Acupuncture has been used for centuries to treat pain and is fast becoming more acceptable in the West to manage chronic pain. Acupuncture also remains controversial in allopathic medicine, primarily because its mechanism of action is yet unknown. A systematic review published in the Journal of the American Medical Association has found conclusively that treatment with acupuncture is more effective for chronic pain than either sham acupuncture or treatment as usual involving no acupuncture.
To suss out acupuncture’s effect on chronic pain, the authors scoured the medical literature from 1996 to 2008 and found 31 studies conducted in the United States, United Kingdom, Germany, Spain, and Sweden for their primary analysis. Of these, 29 studies contained data on individual patients. Eleven of the 31 trials were sham-controlled, 10 had no acupuncture control, and 10 randomized participants into 3 arms:  acupuncture, sham-acupuncture, or treatment as usual (no acupuncture). All told, 14,597 patients participated in studies without an acupuncture control, and 5,230 patients participated in studies in which the control was sham acupuncture.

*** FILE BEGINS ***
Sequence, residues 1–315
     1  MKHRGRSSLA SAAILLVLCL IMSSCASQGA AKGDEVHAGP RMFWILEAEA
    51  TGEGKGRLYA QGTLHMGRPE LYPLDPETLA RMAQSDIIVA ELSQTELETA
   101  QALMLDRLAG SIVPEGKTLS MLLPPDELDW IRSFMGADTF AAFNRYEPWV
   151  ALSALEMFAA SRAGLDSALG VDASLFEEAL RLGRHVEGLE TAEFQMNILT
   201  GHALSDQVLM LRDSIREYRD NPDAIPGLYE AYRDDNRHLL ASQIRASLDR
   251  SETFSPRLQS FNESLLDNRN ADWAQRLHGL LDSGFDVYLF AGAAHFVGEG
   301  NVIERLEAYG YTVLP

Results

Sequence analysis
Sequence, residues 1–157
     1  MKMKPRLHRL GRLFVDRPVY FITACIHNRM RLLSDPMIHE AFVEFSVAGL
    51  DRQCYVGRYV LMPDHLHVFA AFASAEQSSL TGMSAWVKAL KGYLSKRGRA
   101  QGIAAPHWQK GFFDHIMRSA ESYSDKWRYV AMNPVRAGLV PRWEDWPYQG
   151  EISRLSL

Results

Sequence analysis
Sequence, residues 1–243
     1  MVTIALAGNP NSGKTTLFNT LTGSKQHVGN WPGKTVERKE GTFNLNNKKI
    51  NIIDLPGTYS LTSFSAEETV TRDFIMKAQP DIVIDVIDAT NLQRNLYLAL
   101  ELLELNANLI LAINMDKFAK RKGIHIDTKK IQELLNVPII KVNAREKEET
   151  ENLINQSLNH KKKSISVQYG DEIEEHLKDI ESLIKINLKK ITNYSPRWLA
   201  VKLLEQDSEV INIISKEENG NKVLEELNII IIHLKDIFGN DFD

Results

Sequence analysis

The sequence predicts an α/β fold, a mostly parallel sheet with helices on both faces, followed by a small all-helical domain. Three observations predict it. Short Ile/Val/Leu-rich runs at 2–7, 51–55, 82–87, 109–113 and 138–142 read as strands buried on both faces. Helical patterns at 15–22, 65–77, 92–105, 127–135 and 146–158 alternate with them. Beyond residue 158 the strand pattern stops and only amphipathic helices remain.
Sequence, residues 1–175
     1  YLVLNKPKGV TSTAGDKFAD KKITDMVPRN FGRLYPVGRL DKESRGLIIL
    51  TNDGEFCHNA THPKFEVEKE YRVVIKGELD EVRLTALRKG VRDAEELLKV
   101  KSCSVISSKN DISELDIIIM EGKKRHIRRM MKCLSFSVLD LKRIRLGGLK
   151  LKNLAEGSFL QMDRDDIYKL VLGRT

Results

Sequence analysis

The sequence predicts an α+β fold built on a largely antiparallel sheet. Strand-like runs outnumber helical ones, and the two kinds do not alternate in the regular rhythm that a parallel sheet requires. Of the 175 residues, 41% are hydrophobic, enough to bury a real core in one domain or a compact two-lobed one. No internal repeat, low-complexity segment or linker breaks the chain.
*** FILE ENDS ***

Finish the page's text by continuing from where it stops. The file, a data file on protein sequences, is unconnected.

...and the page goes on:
The authors then conducted several analyses, first according to the comparison group (no acupuncture control or sham acupuncture) and then by pain condition (nonspecific musculoskeletal pain, osteoarthritis, chronic headache, or shoulder pain). They found that acupuncture reduced pain at greater rates than any control in all comparisons (P<0.001): Response rates were 30% for no acupuncture, 42.5% for sham acupuncture, and 50% for acupuncture.
The authors note that one of the limitations of the studies under review is that sham acupuncture is an unstable control as sham techniques vary greatly and many involve penetration of the skin. It is still unknown if a puncturing sham is a genuinely inactive placebo. Future studies may need to focus on providing a sham acupuncture that is truly inactive because the unknown mechanism of sham acupuncture may skew comparisons with genuine acupuncture.*
Vickers AJ, Linde K. Acupuncture for chronic pain. JAMA. 2014;311(9):955-956.

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*These statements have not been evaluated by the Food and Drug Administration. This product is not intended to diagnose, treat, cure or prevent any disease.